Kamaro’an

The Revival of Umbrella Sedge Weaving
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2018 / May

Cathy Teng /photos courtesy of Chuang Kung-ju /tr. by Phil Newell


This is a story about weaving. It begins with Sumi ­Dongi, who was working to restore terraced coastal paddy fields and revive the umbrella sedge. She got to know Ti­pus Ha­fay, who was mentoring businesses in Hua­lien and Tai­tung; later, they joined forces with designers Shane Liu and ­Chang Yun-fann. All these elements were woven together to create the simple, modernistic “Ri­yar Light,” and tell the story of the Ka­ma­ro’an brand.

The Riyar Light, which marries craft with design, has come to shine brightly on the international stage. In 2017 its combination of local authenticity with fashionable design won a “Rising Asian Talents” award for Kamaro’an at Maison et Objet, France’s leading trade fair for interior design. At exhibitions in Europe, one can often hear Kamaro’an designs being praised as “elegant,” “poetic,” “sculptural,” and “authentic.” The Riyar Light has even been taken by President Tsai Ing-wen as a gift on a visit to a diplomatic ally. The beauty of Taiwanese crafts is there for the whole world to see.

 


 

In Tai­pei’s Hua­shan 1914 Creative Park there is a shop named “The Wind of the Pacific Ocean” that sells selected products from Hua­lien and Tai­tung Counties in Eastern Taiwan. Inside the shop Ngodo and Nacu, two young indigenous women of the Amis tribe, are focusing their attention on the weaving work in front of them. Ngodo is using the “single thread” rattan weaving technique to make a handle for a triangle handbag. Nacu, meanwhile, is sitting upright before a weaving table about 150 centi­meters long by 12 cm wide, where she takes strips of umbrella sedge, fixes them on the weaving table, and then ties over and under with paper twine to bind the strips together, using hanging lead bobs to weigh the twine down and hold the umbrella sedge in place.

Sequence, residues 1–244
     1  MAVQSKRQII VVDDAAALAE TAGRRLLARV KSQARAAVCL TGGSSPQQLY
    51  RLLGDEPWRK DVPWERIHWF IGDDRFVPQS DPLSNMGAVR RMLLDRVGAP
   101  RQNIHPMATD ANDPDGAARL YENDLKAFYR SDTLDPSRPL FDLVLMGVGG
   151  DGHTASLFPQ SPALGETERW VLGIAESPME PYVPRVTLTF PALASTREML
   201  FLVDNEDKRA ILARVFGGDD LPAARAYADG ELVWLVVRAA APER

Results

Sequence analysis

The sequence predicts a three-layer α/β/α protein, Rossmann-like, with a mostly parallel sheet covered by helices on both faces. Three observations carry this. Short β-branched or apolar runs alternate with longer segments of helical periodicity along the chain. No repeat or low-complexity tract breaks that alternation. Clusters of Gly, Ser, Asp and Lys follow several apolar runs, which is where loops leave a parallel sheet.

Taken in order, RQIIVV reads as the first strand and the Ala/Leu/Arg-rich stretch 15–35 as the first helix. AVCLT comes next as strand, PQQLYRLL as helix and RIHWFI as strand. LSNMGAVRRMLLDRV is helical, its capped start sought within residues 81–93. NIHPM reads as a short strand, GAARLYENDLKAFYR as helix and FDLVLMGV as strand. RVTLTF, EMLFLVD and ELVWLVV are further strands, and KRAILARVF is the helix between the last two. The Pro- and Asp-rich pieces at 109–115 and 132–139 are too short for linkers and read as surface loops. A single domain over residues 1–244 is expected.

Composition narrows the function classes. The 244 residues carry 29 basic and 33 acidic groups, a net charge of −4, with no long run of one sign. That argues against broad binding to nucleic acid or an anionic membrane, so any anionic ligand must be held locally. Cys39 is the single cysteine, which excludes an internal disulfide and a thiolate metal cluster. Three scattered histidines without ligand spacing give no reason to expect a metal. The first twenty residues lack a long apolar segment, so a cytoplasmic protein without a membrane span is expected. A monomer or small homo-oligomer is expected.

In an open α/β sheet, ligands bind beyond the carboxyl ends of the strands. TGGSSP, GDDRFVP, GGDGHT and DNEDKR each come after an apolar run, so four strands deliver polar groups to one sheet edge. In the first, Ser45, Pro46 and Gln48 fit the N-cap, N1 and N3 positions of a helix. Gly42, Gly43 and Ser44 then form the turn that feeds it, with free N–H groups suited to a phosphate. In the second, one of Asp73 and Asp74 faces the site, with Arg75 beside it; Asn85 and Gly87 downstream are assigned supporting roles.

As she weaves, Nacu says: “This is the weaving technique for straw mats. When I was small every house had a weaving table, and we all saw our grandmothers weaving straw mats…. Later, when I was learning to make Riyar Lights, there was umbrella sedge on hand as a material, but there was no weaving table, so we had to go to Sumi’s home and bring one back.”

Rediscovering what was lost

It is not only weaving tables that had been forgotten. In the indigenous community of Ma­ko­taay in Hualien’s Feng­bin Township, there are many scenes of daily life that have disappeared as lifestyles have changed. These include, for example, the coastal paddy fields that fell into disuse and became overgrown after the supply of irrigation water was cut off, and the sight of women of the community weaving straw mats during slack periods in the agricultural year.

Sumi decided to set to work restoring the terraced paddy fields, while at the same time replanting the umbrella sedge (Cyperus alternifolius) and swamp leaf (Limnophila rugosa) that grow alongside paddy rice. Her efforts made it possible once again for visitors to Ma­ko­taay to see golden paddy rice ripening beside Provincial Highway 11, and Amis people weaving straw mats.

Umbrella sedge is so named because its leaves have the shape of an umbrella frame. Its straight, unsegmented stalk can grow up to one meter tall, and is used by the Amis people to weave straw mats. Sumi recalls that in the summer months of June and July, every household would be drying grains and umbrella sedge in the sun, and weaving straw mats. During the summer, no one slept indoors; instead, people took their mats out to sleep under the starry skies. In the past there was always a “daruan” (small hut for resting) next to the fields, and newlyweds would bring their straw mats into a daruan to be alone together. Sumi says: “Umbrella sedge is part of the aesthetic of community life, and is also closely connected to daily life.”